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Exertional compartment syndrome
Other Resources UpToDate PubMed

Exertional compartment syndrome

Contributors: Matthew F. Barra MD, Katie Rizzone MD, MPH, Sandeep Mannava MD, PhD
Other Resources UpToDate PubMed


Causes / typical injury mechanism: Chronic exertional compartment syndrome (CECS) is a condition characterized by reversible ischemia to muscles within a particular compartment.

CECS should be differentiated from acute compartment syndrome, which is most commonly caused by trauma and crush injuries. The presentation of acute compartment syndrome is much more critical, with persistent pain unrelated to activity, and requires emergency surgical intervention.

Classic history and presentation: CECS most commonly affects the anterior compartment of the lower leg (70% of cases), but it has also been reported in the other lower leg compartments (10% of cases involve the anterior and lateral lower leg compartments), as well as the forearms, thighs, feet, and hands. It is most commonly seen in runners and military service personnel. It often presents bilaterally.

The condition typically presents as aching or burning pain and an objective and/or subjective sensation of swelling in the lower leg during physical exertion. Paresthesias may also be present over the dorsum of the foot. The symptoms are relieved by rest. Patients are usually able to identify the duration of exercise until they experience pain and how long the pain will last after they have ceased exercise.

Prevalence: It is relatively rare.
  • Age – Most commonly seen in the third decade of life.
  • Sex / gender – Equal incidence in adult men and women (in the pediatric population, it is more common in girls).
Risk factors: Risk factors include running, sports involving jumping or skating, cycling, and military service. Specific risk factors for CECS involving the upper extremities are athletic activities that involve frequent gripping such as rowing, gymnastics, and cycling.

Pathophysiology: The pathophysiology of CECS is not well understood and is most likely multifactorial. The ultimate cause of pain in CECS involves reversible ischemia within the specific compartment as a result of increased pressure. In normal muscle, muscular volume increases by up to 20% during exercise (due to increases in blood flow and tissue swelling) and is reflected by an increase in intracompartmental pressure. Tissue swelling is thought to occur via a combination of fluid extravasation and the buildup of metabolic waste products that are not removed / metabolized quickly enough. In individuals with CECS, this increase in intracompartmental pressure leads to a cascade of impaired venous outflow narrowing the arteriovenous gradient. At a certain pressure, interstitial (tissue) pressure rises above perfusion pressure. This results in impaired capillary blood flow, decreased tissue oxygenation, and subsequent ischemia, resulting in the symptoms of CECS.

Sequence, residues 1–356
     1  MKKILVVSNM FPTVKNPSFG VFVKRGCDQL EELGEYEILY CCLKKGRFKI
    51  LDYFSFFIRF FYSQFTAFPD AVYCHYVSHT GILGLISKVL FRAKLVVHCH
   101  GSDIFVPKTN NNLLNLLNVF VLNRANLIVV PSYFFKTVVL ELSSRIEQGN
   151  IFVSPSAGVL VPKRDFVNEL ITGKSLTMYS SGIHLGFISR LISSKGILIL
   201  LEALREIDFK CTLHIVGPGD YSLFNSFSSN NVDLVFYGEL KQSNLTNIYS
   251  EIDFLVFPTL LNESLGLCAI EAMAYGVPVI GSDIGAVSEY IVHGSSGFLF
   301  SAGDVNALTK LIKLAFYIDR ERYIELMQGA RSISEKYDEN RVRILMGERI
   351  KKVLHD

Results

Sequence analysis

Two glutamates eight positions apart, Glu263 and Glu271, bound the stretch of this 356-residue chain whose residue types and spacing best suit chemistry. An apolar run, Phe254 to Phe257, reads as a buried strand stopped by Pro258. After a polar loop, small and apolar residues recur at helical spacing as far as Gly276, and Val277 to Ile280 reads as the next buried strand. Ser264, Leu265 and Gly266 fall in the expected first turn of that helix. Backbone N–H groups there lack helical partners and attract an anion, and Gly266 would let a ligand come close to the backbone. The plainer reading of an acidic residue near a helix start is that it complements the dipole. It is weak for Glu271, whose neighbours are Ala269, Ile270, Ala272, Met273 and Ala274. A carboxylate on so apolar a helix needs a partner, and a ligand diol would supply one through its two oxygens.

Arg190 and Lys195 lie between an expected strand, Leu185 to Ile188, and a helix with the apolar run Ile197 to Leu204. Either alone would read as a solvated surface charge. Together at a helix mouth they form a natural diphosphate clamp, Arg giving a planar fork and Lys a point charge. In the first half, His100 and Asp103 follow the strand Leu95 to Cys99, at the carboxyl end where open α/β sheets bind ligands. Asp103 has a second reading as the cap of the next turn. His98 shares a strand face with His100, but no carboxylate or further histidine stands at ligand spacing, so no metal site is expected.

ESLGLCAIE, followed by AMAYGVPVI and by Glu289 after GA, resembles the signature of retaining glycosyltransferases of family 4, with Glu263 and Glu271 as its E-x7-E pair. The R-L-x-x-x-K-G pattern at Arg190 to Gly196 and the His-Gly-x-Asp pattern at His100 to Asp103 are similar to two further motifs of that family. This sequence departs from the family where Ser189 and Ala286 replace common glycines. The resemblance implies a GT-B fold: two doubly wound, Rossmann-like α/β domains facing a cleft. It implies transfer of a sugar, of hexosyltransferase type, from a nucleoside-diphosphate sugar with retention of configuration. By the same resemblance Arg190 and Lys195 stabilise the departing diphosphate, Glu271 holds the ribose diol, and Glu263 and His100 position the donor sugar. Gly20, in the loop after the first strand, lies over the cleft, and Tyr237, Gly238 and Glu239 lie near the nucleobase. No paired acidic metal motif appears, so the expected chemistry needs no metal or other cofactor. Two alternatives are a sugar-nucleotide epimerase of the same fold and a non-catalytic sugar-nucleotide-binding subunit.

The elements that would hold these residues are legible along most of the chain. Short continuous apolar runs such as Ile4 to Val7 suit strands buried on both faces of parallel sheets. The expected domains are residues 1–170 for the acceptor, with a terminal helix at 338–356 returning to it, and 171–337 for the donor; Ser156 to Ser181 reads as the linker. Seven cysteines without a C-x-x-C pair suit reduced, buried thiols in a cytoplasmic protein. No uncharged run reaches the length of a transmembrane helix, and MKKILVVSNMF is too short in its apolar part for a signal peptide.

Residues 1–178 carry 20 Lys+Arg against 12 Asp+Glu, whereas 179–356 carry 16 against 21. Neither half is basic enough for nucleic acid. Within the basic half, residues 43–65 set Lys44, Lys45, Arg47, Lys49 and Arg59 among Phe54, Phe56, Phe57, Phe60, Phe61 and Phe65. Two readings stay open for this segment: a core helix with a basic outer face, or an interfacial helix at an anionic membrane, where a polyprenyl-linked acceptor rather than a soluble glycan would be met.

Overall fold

M79.A29 – Nontraumatic compartment syndrome of unspecified lower extremity

427458001 – Nontraumatic exertional compartment syndrome

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Differential Diagnosis & Pitfalls

CECS is often misdiagnosed as shin splints or a muscle strain, so a high index of suspicion should be kept.

Differential diagnosis:
  • Medial tibial stress syndrome – Also known as shin splints. Medial tibial pain at rest, acute presentation; MRI is diagnostic.
  • Stress fracture – Differentiate via imaging and pain present at rest. See, eg, tibial stress fracture, march fracture.
  • Popliteal artery entrapment syndrome – Differentiated from posterior CECS by obliteration of pedal pulses with active / passive ankle dorsiflexion.
  • Popliteal artery aneurysm – Palpable mass in popliteal fossa; diagnosed with arterial duplex studies.
  • Acute compartment syndrome – Acute presentation and greater pain.
  • Muscle strain – Associated with an acute event.
  • Fascial hernia – May be palpable and reducible.
  • Tendinopathy – Pain during rest; associated with specific muscle / tendon activity.
  • Intermittent claudication (peripheral arterial disease) – Abnormal ankle-brachial indices (ABIs); patient is generally older and often will have other medical / vascular comorbidities.
  • Deep vein thrombosis – Look for Virchow's triad; less common in active individuals; diagnosed with venous duplex studies.
  • Peripheral nerve entrapment – The common peroneal nerve over the fibular head is most commonly seen in a lower extremity.

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Last Reviewed:07/18/2021
Last Updated:07/21/2021
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Exertional compartment syndrome
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